varmintcong.com presents: an interview with KIM GORDON
Sonic Youth at the Act IV Lounge in downtown Tampa, with fIREHOSE opening, ah, those were the fucking days, kiddies. I was just starting to 'get into' Sonic Youth, the Evol album was great, their first album on SST records, when SST was THE label. And Kim Gordon was enigmatic, slightly guarded and intimidating. The gig was great, the interview slightly less so, but we had fun.
Sonic Youth came to town again a couple years later on the Daydream Nation tour, and I requested an encore interview (figuring it HAD to be better than the first one,) but the band politely declined. A few years later, the guy who came on before us at WMNF, named Pete Wohelski, had the good fortune to be able to shepherd Sonic Youth around Tampa, when they were opening for Neil Young and Crazy Horse......
Jeff: Alright, I'm talking with Kim from Sonic Youth. Is this your first time in the Tampa Bay area?Kim: First time in Florida.
Jeff: What do you think so far?Kim: Um, it's pretty...expansive.
Jeff: Can you start out by telling us how the band got together?Kim: Well, Thurston (Moore) and I were playing together with a couple other people, and that sorta fizzled out. We sort of got together with Lee (Ranaldo), the project that he was involved with kinda ended, and we'd just kind of seen him around, so we got together.
Craig: Who came up with the name Sonic Youth?Kim: Ah, Thurston did. I think he said he had a dream when he was, like 15 or 16, about always wanting to have a band named Sonic Youth.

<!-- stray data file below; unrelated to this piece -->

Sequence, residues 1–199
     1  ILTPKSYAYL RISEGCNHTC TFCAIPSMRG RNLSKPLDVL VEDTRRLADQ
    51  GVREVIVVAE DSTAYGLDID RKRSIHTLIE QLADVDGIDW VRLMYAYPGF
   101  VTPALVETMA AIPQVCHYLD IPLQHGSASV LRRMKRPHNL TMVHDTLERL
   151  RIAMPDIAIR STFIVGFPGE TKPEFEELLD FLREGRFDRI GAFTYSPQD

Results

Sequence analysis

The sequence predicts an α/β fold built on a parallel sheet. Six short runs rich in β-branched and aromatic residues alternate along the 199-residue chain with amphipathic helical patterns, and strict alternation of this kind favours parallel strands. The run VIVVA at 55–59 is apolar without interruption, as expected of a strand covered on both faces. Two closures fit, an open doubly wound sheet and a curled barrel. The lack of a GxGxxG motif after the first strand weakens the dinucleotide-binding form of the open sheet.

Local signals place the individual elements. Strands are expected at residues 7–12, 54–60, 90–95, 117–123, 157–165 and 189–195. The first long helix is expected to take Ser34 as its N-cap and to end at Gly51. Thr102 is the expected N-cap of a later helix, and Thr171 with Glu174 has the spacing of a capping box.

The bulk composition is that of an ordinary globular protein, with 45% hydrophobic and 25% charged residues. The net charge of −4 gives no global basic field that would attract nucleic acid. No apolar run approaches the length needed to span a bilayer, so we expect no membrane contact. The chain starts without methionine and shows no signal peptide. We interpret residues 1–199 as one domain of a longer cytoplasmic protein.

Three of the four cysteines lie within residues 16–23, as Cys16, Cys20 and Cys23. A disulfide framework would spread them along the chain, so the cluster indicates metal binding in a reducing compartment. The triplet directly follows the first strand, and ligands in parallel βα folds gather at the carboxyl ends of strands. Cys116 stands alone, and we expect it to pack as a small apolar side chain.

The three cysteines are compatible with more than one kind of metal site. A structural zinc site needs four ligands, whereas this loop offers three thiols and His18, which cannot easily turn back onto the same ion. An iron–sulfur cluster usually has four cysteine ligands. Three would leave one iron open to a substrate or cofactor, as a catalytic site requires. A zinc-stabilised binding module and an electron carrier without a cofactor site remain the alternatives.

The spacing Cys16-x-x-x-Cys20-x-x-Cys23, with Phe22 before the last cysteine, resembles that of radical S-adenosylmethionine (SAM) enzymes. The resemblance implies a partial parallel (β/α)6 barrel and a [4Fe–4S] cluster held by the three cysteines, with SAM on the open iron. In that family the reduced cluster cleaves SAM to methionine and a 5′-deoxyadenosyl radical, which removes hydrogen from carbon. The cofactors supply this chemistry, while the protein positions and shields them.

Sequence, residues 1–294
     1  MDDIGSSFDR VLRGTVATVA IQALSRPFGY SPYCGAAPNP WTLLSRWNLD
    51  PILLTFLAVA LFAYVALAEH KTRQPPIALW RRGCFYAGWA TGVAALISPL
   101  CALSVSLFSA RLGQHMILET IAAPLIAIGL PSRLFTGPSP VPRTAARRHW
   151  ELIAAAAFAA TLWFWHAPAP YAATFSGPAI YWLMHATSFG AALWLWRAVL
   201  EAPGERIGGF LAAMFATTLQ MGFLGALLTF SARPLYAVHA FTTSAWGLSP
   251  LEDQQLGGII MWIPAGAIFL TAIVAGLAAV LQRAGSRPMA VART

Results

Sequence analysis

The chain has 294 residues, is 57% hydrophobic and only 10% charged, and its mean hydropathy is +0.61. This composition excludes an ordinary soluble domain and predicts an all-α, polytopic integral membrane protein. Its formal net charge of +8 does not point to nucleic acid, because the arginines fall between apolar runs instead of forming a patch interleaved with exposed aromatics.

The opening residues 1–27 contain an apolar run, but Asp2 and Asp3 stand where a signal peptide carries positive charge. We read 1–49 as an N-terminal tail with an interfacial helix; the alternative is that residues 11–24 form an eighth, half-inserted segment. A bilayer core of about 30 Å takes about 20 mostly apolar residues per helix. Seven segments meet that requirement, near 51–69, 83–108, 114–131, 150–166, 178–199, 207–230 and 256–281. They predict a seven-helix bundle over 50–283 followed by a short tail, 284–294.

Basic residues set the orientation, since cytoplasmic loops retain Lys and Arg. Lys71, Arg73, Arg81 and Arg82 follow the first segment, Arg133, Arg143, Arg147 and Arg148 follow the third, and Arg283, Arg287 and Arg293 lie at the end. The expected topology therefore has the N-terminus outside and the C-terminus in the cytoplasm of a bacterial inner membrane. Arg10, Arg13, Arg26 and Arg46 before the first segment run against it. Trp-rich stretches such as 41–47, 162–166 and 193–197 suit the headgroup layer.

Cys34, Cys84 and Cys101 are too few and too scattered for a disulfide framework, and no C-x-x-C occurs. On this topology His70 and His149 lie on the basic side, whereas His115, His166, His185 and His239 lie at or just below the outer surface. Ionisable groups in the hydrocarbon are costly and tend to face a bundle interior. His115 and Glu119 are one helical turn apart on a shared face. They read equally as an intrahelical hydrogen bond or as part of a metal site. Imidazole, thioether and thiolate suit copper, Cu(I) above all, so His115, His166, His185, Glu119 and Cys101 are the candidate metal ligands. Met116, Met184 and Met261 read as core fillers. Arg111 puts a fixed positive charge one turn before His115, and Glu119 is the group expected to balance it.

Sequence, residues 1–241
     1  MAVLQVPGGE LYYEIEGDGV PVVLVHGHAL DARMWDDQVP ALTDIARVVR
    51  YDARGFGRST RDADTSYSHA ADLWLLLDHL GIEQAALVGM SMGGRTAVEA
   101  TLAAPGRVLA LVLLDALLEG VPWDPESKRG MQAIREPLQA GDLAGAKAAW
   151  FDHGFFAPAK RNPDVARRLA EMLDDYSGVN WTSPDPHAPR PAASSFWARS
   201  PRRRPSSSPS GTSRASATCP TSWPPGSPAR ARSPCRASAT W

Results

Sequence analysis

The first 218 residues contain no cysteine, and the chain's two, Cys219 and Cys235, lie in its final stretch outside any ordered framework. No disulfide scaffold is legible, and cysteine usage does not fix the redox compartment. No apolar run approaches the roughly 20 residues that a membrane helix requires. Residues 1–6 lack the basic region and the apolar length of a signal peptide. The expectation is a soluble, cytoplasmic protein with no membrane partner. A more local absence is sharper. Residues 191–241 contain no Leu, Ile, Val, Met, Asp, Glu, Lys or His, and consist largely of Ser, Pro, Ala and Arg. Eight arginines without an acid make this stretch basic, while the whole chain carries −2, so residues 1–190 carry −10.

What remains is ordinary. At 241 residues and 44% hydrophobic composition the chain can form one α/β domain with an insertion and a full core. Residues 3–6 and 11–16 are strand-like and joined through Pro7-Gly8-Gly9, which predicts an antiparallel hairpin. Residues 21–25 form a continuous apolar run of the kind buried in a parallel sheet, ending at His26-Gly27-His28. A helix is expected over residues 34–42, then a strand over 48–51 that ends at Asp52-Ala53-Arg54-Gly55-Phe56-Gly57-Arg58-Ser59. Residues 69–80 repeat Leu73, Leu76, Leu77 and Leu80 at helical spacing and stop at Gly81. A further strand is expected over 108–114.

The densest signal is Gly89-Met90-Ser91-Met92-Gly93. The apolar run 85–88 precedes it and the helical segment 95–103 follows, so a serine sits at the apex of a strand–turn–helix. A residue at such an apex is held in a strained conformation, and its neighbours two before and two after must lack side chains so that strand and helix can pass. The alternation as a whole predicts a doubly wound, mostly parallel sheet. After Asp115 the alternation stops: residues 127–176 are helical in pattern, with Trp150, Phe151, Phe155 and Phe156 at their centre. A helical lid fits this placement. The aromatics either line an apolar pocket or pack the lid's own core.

Jeff: The promoter was talking to us a little about your "anti-social behavior towards guitars", the drumsticks and screwdrivers (under the strings) as well as the alternate tunings. Do you have any thoughts or explanations about that?Kim: Well, I wouldn't really say it's anti-social. Maybe it is in some ways, but in other ways it's...trying to expand the idea of the basic guitar, like what you can do with it. So in a way, it's sort-of...trying to breathe new life into it, from another way.
Craig: What kind of tunings are you using now, is it anything close to standard?Kim: Some of 'em are. We use one thing we call the 'F Tuning' a lot. We used it in Death Valley 69, and Brave Men Run (In My Family), and a couple of the new songs.
Jeff: What about Death Valley 69? How did that come about, and how did Lydia Lunch get involved?Kim: Well, we were all reading about Manson, all reading those...passing those books around and stuff....just kinda interested in that period of time, '69. When everything from the sixties kind of just...all the ugliness came out. People romanticize the sixties, and it wasn't that way. And so Thurston had this title, Death Valley 69. And he said "Hey Lydia, can you write some words for this?" (laughs)
Jeff: What about this rumor that you're going to cover the Beatles' White Album for your next record?Kim: Well, it sort of got postponed. We were gonna work on it this fall, but we ended up doing this movie soundtrack out in LA instead.
Jeff: Do you wanna talk a little bit about that?Kim: Chris Penn is in it, and Lori Singer, it's like, really bad. (laughs) It's coming out in January, I think. It's called Made in USA.
Jeff: Are you doing all the music for it, or just a couple songs?Kim: We did the sub-score, and they used Secret Girl (from Evol), that's how it came about, 'cause they first asked us to go to a screening 'cause they wanted to use that in the film. And then they've got a few songs by other people, like Timbuk 3, and this band World Party.
Jeff: Is there gonna be a soundtrack album?Kim: Well, I think SST's gonna put out the subscore, our music (this was finally released in 1995, on Rhino records, and has since gone out of print). And there was some talk about Chrysalis records putting out a soundtrack record of all the songs, which we have a couple songs on.